Back in the days when Nortel Networks Corp. of Toronto was a red-hot stock rather than a cautionary tale, Judith Cane found herself doing a lot of pre-emptive damage control for her clients. Big salaries, company stock options and even more high-tech investing – to say some of her new customers’ investment portfolios were unbalanced was an understatement.
“It was crazy here. It was like being in Vegas,” says Ms. Cane, who sold her Ottawa investment and insurance advising firm as few years ago to become a fee-only money coach with Money Coaches Canada.
“Nortel employees not only had their pension with Nortel, but options with Nortel – which they were cashing in and buying more stock in Nortel. We were begging them to balance their portfolio, but honestly, it was really difficult. They were so caught up in it,” she says.
The unfunny punch line is that the tech behemoth performed a spectacular belly flop when the tech bubble burst in 2000 and thousands lost their jobs. What’s more, employees who didn’t listen to more cautious financial planners, experienced the double whammy of losing jobs and holding decimated investment portfolios.
Although Nortel represents an extreme example of what can go wrong when an investor-employee double-dips, today’s Canadians would be wise to take a look at their own portfolios to see whether they would pass the unemployment stress test.
Would your investments keep you afloat in the time of a job loss, or drag you down?
In love with the company
Jamie List, a certified financial planner with Bearing Capital Partners in Mississauga, says too many employees get into trouble because they’re so busy drinking the company water they don’t come up for air long enough to realize it could drown them.
“What’s that expression when you fall in love with your kidnapper? Stockholm syndrome. I think there’s a bit of that in employees who own their company’s stock. They buy into the idea that if they do a good job, the stock performance will be there,” he says.
The reality, he maintains, is that stock performance is largely based on market performance. So even if employers offer company shares as part of an incentive plan, employees might be wise to cash them in sooner than later and use the funds to diversify their portfolios instead.
“It’s difficult. From a corporate governance point of view, having that large holding is supposed to incent the employee, but from a financial planning and portfolio point of view, it’s trouble,” Mr. List says.
Professors gone wild
When planning a portfolio, it’s also a good idea to determine just how solid your job is right now and for the long haul. For instance, a tenured professor or government employee with a great pension potentially has a guaranteed income stream for life. There will always be money flowing in, so what’s a little investment risk? Their portfolios can afford to be less conservative than someone’s who works in a more volatile industry.
So salespeople, listen up. Your rollicking personality is good for business, but could cause trouble when investing your commission.
“Counterintuitively, people who work in sales are often much more risk tolerant, therefore they’re generally predisposed to making investment decisions that lead them into tricky situations,” Mr. List explains.
Those who should be most risk averse when it comes to their portfolio? Entrepreneurs, says Peter Andreana, a certified financial planner with Continuum II Inc., in Burlington, Ont. Often, business owners have the majority of their wealth tied up in their own businesses and have the most to lose if the company fails.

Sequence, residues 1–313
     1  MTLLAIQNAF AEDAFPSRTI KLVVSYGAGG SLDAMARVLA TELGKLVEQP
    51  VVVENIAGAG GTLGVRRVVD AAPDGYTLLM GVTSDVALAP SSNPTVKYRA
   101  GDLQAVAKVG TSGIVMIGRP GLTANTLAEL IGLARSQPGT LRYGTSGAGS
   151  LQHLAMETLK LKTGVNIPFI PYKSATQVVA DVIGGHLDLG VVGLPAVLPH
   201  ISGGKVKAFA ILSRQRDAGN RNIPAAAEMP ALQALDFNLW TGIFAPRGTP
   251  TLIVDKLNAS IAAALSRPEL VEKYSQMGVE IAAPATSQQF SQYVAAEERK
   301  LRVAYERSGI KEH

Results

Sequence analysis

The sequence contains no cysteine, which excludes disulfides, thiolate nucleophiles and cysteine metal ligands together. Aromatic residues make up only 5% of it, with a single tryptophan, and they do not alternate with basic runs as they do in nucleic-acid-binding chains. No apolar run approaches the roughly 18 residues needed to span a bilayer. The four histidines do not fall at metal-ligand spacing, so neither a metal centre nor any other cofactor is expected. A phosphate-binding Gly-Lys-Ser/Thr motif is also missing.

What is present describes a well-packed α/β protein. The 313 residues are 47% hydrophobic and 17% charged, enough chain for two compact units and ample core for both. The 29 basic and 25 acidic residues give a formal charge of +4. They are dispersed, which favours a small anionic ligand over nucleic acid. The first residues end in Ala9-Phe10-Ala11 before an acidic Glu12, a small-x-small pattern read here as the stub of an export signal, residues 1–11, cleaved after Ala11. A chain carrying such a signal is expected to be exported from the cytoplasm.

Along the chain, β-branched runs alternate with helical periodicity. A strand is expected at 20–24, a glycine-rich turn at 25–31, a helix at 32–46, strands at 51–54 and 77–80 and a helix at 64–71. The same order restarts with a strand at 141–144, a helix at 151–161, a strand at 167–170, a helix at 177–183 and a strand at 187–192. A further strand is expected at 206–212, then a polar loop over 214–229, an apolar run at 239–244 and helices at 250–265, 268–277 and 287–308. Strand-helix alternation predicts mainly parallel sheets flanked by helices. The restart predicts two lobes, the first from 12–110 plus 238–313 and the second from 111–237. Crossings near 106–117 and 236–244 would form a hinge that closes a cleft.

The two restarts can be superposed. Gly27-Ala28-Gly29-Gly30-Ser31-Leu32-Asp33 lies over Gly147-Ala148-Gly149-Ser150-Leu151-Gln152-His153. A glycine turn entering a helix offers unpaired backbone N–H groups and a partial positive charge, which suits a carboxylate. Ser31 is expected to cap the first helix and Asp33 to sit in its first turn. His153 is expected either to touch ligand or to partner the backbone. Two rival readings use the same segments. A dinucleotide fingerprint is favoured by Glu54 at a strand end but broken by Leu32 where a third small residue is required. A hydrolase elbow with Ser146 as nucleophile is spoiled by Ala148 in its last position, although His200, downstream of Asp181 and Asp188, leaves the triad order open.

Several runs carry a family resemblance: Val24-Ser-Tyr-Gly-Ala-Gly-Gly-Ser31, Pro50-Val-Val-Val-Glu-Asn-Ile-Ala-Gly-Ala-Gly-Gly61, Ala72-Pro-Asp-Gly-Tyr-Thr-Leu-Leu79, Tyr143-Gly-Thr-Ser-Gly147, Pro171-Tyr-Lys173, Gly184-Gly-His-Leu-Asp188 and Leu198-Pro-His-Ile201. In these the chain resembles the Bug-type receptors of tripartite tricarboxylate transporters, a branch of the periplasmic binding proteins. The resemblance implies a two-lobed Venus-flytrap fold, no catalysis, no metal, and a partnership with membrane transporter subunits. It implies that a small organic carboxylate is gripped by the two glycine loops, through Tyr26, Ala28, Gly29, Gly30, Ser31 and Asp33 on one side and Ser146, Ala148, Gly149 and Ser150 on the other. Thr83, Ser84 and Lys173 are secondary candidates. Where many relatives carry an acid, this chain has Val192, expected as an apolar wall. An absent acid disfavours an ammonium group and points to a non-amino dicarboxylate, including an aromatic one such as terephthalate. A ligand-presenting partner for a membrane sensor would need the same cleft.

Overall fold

“It’s the age-old, ‘Don’t put all your eggs in one basket.’ You really need to diversify,” Mr. Andreana says. “If your business starts having challenges, that’s 80 per cent of your wealth and 100 per cent of your income on the line. If the business is going down and that’s an asset you were planning on selling, you’re in even bigger trouble.”
Rainy day money
Losing a job is emotionally stressful, even if your portfolio is doing well. It’s not always easy or advisable, for instance, to take money out of a registered plan or less liquid account.
For peace of mind no matter what your job situation is, it’s important to build up an emergency fund now that’s easily accessible. Mr. Andreana suggests putting money into a tax-free savings account (TFSA) since there are no tax implications when taking it out. In other words, if you made $50,000 in the first half of the year, lost your job, then took $5,000 out of your TFSA, you would only be taxed on the $50,000. Just remember though, if you land a new job quickly, you’ll have to wait for the next year to load that money back into the TSFA. You can’t do it right away, Mr. Andreana says.
Dipping into a registered retirement savings account (RRSP) should be a last resort, as you lose out on long-term growth and there can be penalties. Even so, if there’s ever a time to pull out money early from an RRSP, it’s now. If you’re out of work, you’re probably in the lowest tax bracket anyway, so the tax implications are fewer. Just talk to an adviser first before going that route.
Ultimately, no matter how a portfolio is invested, a job loss – or even the threat of one – should be enough to make you revisit it and see what needs to change. Yet it’s amazing, Ms. Cane says, how many people forget to rebalance what they’ve got and determine whether some of the funds should be moved into safer vehicles until they find employment again.
“When you lose your job, your situation has changed significantly. You absolutely should go back and look at your portfolio,” she says. “You can’t afford to take as much risk.”
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